It turns out that women are cold in offices for a good reason. Kingma and Lichtenbelt report that, “Indoor climate regulations are based on an empirical thermal comfort model that was developed in the 1960s… Standard values for one of its primary variables – metabolic rate – are based on an average male, and may overestimate female metabolic rate by up to 35%… This may cause buildings to be intrinsically non-energy efficient in providing comfort to females.”
The study makes a case for using occupants’ actual metabolic rates instead. “If you have a more accurate view of the thermal demand of the people inside, then you can design the building so that you are wasting a lot less energy, and that means the carbon dioxide emission is less.”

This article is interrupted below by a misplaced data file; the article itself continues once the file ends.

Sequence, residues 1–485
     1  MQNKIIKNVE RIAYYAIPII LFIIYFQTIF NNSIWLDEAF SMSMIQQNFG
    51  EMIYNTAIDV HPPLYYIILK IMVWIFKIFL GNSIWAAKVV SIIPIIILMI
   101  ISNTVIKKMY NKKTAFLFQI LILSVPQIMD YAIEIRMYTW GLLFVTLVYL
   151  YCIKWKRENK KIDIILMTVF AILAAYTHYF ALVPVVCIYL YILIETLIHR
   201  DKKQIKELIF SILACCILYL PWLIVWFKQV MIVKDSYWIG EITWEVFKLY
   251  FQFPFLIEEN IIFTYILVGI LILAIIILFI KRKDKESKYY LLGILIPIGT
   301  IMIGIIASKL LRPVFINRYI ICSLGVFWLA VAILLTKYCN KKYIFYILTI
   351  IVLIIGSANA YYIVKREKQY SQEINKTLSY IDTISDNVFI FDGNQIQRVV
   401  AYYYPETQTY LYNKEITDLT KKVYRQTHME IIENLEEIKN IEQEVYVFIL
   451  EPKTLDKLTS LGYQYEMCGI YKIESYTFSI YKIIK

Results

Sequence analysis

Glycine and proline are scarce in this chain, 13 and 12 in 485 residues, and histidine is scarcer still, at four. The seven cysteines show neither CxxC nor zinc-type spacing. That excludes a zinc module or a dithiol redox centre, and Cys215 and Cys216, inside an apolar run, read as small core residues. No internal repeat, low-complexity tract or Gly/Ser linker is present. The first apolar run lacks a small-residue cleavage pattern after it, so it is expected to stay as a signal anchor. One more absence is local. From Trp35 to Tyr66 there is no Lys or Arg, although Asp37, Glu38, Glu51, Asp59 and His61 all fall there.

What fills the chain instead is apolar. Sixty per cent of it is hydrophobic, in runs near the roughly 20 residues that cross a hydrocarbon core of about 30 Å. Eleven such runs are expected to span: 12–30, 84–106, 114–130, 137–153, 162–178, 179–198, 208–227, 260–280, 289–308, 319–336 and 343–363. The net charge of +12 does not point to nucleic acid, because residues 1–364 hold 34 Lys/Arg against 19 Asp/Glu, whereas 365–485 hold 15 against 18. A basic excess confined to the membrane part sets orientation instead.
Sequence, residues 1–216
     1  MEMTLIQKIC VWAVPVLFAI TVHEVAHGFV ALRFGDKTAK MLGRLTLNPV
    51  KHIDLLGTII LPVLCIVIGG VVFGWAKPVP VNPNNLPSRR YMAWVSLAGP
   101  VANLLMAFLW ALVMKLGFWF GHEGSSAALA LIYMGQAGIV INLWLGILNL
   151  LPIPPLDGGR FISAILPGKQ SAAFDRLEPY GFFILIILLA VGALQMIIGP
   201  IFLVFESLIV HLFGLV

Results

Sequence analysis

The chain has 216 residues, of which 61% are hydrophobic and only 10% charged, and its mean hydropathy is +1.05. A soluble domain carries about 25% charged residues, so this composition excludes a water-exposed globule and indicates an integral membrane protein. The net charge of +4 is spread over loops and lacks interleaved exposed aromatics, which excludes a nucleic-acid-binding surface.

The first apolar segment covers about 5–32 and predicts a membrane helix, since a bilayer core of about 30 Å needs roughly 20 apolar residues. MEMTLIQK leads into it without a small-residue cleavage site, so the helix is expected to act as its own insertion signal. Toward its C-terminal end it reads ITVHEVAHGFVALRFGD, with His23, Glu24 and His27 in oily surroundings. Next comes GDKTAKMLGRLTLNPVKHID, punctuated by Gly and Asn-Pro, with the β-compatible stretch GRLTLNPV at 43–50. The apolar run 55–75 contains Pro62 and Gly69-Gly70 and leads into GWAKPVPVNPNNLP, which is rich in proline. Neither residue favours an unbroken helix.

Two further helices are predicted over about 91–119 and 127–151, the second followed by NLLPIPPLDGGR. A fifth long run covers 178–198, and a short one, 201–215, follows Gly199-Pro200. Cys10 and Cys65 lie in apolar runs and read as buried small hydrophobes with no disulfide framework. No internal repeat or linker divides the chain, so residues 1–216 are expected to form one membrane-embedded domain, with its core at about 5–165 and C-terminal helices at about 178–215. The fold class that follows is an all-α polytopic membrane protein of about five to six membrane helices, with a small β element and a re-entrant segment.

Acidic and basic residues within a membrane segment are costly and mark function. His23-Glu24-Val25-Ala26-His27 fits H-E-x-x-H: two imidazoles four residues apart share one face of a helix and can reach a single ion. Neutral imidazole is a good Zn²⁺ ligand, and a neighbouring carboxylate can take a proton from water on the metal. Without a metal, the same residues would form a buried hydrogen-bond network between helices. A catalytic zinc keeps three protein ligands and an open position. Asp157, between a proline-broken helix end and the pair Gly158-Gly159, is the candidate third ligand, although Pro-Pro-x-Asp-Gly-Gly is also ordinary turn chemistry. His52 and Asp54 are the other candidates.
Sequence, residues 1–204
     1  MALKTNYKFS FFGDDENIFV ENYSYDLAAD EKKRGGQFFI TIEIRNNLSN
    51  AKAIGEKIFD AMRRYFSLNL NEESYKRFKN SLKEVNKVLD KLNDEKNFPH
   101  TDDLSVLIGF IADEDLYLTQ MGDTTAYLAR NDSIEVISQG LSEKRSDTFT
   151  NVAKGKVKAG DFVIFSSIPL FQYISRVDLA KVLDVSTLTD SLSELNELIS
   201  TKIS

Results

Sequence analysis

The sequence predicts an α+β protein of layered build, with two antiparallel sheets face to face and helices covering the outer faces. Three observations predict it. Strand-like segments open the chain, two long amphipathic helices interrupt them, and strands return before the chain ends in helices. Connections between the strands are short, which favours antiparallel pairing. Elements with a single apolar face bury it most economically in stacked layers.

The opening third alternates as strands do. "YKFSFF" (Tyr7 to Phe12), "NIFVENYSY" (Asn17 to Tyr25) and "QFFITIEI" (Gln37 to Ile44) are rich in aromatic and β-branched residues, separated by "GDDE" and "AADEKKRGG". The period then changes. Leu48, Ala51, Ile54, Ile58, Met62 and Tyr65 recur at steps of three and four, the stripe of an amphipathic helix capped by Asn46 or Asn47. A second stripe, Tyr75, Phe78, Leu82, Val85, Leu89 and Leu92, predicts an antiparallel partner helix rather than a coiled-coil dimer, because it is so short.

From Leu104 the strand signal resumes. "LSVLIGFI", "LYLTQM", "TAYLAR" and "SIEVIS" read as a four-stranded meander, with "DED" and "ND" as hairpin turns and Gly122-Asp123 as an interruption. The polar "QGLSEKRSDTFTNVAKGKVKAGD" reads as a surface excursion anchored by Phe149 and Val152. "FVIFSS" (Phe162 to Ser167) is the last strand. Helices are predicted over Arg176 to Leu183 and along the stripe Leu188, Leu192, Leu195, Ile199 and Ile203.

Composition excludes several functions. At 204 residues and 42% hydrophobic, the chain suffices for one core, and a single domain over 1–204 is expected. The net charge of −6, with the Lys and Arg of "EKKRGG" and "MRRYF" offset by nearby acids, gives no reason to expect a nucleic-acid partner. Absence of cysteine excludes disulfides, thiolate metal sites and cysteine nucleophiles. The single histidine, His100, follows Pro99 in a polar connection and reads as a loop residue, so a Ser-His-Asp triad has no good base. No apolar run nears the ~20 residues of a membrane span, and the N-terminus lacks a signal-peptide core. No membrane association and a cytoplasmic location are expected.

Currently, many office temperatures are set at 70 degrees Fahrenheit, a temperature that’s comfortable for most men. However, many women would be comfortable at 75 degrees Fahrenheit. The solution to this discrepancy may be providing people with the opportunity to control the temperature at their own workspace or to relocate easily to spaces in their workplace with different temperatures.
Not only are Kingma and Lichtenbelt urging an end to the Great Arctic Office Conspiracy for comfort’s sake, they also conclude that buildings with a “reduce[d]
gender-discriminating bias in thermal comfort” have the added benefit of helping combat global warming.
Content based on the study, “Energy Consumption in Buildings and Female Thermal Demand,” by Boris Kingma and Wouter Lichtenbelt published in the Nature Climate Change journal.